To do so, we must be in right relationship with God, neighbor, and self. To disregard the power of sin, the divisive effects of evil in our lives, cheapens and divides this community. We must seek always to be in right relationship with our brothers and sisters, all of them, and when we fall short, to ask forgiveness so as to be readmitted into the community. This is the beauty of the sacrament of reconciliation. When we ask absolution from a priest, we are not simply going to some middleman so that God will forgive us because we are unable. God could and does do this without a priest. What we miss when we do not receive this sacrament is the gentle correction of a figure of wisdom, the guidance to find our way back, and the official welcome back into the community of believers.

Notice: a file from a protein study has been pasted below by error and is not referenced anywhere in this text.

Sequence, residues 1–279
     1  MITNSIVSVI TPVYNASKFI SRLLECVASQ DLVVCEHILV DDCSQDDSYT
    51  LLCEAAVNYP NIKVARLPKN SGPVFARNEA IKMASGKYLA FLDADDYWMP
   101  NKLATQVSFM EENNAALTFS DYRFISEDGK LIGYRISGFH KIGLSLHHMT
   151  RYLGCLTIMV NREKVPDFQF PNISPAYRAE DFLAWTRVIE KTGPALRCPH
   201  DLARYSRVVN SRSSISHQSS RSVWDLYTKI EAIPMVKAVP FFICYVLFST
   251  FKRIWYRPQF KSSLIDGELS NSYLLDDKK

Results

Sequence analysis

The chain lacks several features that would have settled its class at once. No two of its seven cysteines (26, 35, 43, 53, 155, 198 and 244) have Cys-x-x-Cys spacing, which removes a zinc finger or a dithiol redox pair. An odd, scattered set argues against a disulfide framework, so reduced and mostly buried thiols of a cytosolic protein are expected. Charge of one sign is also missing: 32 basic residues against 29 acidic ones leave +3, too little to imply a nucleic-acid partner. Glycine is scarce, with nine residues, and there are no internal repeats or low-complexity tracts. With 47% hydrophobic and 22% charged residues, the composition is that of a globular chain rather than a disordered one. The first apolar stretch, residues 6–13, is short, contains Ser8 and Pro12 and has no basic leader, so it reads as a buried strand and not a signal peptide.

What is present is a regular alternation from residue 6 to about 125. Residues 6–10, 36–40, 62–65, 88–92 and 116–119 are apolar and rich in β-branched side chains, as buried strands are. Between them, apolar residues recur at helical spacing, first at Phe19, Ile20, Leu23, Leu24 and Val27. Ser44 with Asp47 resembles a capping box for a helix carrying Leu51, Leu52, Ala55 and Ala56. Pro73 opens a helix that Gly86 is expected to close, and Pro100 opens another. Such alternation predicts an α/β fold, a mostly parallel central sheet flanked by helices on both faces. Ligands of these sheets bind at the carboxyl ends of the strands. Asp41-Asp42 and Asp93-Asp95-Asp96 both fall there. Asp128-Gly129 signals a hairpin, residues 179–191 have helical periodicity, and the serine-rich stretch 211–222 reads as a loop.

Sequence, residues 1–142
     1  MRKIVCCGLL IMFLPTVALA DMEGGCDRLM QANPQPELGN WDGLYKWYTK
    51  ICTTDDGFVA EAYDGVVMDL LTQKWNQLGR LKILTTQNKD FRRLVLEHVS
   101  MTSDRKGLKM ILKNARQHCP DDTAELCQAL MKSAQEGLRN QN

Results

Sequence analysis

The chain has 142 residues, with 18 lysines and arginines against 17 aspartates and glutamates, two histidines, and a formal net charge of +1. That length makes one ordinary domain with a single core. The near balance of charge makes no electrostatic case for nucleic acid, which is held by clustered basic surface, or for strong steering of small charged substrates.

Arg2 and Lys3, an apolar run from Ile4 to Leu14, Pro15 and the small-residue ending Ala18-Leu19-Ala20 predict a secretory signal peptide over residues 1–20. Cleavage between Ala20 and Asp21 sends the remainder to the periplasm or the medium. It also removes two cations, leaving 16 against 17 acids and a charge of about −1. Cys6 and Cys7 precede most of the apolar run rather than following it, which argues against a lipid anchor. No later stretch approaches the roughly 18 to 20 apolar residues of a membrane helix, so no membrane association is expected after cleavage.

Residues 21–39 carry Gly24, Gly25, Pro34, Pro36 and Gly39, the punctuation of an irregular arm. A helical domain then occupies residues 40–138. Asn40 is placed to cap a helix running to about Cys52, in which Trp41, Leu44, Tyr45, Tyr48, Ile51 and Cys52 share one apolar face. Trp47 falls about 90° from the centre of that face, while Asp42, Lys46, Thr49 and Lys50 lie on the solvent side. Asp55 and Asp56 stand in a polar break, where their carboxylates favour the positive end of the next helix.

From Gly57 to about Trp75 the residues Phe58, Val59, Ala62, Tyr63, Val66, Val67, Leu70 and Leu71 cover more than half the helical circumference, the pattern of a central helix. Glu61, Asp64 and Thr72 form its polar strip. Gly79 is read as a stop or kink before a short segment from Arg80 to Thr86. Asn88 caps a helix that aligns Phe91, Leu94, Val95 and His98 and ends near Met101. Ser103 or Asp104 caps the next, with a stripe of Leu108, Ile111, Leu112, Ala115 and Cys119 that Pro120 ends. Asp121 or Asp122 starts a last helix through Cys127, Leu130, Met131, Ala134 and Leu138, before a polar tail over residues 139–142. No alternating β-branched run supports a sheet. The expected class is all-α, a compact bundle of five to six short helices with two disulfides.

Unfortunately, even though sin is the result of a personal action, it has a social, lasting effect in the world that cannot be removed simply by God’s forgiveness. One may be forgiven by God for killing someone, but the effect of that sin is irreversible, and the relationships that have been broken because of it require much more work on the part of the sinner to be healed. In most cases, what once was may never be recovered. This is the power of sin, but it need not exist.

This is where I’d like to pick up in my next post: sin as a communal problem. If we see sin as broken relationship, it is something that goes far beyond the personal act, and is something that pervades our every moment. What must we do to conquer it?


Posted by on February 7, 2014 in Theology


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[Not] Too Busy To…